february 2014

Luthier Ben Crowe walks us through the process off outfitting your axe with a controller that puts vast new sonic realms at your fingertips—literally.

One of the biggest guitar heroes to come out of Britain in the last decade is Matthew Bellamy—the falsetto-voiced leader of internationally acclaimed apocalyptic-prog band Muse. Hailing from southwest England, the futuristic power trio (Bellamy, bass virtuoso Chris Wolstenholme, and drummer Dominic Howard) has been filling stadiums all over the world with an epic style that combines a Radiohead-like indie streak with the drama of Queen and the dystopian outlook of a fantastically bleak sci-fi movie.

Be sure to watch the detailed video where Crimson Guitars luthier Ben Crowe walks you through this project step by step. Plus, hear the MIDI pad in demoed in various music applications and styles.

Bellamy’s playing on six studio albums and multiple worldwide tours proves he’s got no end of chops in the traditional sense, but he and his bandmates are equally admired for always pushing the envelope and embracing new technologies (their live shows are some of the most spectacular in rock). Bellamy isn’t the first to have guitars with the nearly limitless power of a MIDI XY-pad controller built right into them, but he’s more identified with the mod than any player on the planet. He’s even got a signature Manson Guitarworks MB-1S guitar with a MIDI controller screen option.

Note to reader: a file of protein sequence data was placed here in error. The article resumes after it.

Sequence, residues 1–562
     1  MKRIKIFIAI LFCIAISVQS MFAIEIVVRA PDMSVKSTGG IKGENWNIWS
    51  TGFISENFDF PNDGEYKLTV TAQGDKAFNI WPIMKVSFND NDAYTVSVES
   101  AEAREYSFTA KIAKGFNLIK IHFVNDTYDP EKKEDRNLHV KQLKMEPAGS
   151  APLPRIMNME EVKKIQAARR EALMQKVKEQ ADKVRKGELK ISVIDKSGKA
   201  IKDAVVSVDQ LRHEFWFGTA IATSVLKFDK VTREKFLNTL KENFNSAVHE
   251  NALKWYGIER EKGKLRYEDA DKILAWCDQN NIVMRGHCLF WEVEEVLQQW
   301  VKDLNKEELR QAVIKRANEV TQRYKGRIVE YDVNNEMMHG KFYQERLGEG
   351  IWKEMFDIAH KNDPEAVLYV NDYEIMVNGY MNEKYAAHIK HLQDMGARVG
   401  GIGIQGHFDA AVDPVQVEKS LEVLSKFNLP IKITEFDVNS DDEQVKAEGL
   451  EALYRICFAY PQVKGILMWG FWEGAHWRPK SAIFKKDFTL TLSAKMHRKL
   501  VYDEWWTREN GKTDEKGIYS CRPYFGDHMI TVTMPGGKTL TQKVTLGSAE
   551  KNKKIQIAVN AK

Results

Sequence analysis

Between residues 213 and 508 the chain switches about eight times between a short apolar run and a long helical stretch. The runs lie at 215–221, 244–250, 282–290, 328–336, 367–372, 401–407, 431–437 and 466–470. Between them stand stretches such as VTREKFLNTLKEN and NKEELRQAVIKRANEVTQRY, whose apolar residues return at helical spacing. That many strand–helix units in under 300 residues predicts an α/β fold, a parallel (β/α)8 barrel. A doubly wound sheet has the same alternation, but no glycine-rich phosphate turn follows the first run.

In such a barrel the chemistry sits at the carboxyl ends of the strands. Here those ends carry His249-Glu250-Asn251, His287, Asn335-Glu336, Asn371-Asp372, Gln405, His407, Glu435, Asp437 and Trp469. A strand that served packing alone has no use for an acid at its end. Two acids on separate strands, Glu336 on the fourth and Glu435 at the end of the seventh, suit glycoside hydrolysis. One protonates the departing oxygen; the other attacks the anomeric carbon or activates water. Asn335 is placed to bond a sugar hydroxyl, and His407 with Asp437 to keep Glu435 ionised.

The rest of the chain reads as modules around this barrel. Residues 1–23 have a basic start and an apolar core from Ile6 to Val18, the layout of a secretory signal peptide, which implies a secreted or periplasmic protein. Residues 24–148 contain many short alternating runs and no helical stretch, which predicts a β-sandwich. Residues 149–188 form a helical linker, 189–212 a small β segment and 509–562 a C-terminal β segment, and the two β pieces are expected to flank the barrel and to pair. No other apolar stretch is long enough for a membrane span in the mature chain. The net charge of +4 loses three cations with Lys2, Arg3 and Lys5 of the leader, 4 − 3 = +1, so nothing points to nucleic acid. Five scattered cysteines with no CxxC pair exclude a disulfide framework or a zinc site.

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How do Moog’s new stompboxes compare to the company’s larger, more expensive Moogerfooger effects?

Moog Music’s original Moogerfooger pedals are the coffee table books of stompboxes. They delight the senses. They’re superbly crafted. But they’re big, heavy, and expensive. I own and treasure several, but they don’t typically populate pedalboards or go to gigs.

Enter the Minifoogers: five smaller-format effects at prices ranging from $149 to $219. And in addition to covering delay and modulation effects you’d probably expect from Moog, the series includes boost and drive pedals—Moog’s first gain stompboxes. The results are cool and unique.

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Fig. 1. Got a stock modern Telecaster? Move the red wire in this diagram from where it currently is guitar to where it is here, and you've converted your Tele to '50s-style wiring.

Tele freaks: Get modern and ’50s-style tone-pot wiring in the same axe!

We've already seen that it's easy to apply Gibson's '50s-style wiring to Tele tone pots [“'50s Les Paul Wiring in a Telecaster," January 2014]. Now it's time to go a step further: Making it switchable so you can have both the standard and the '50s wiring in one guitar. Cool, huh?

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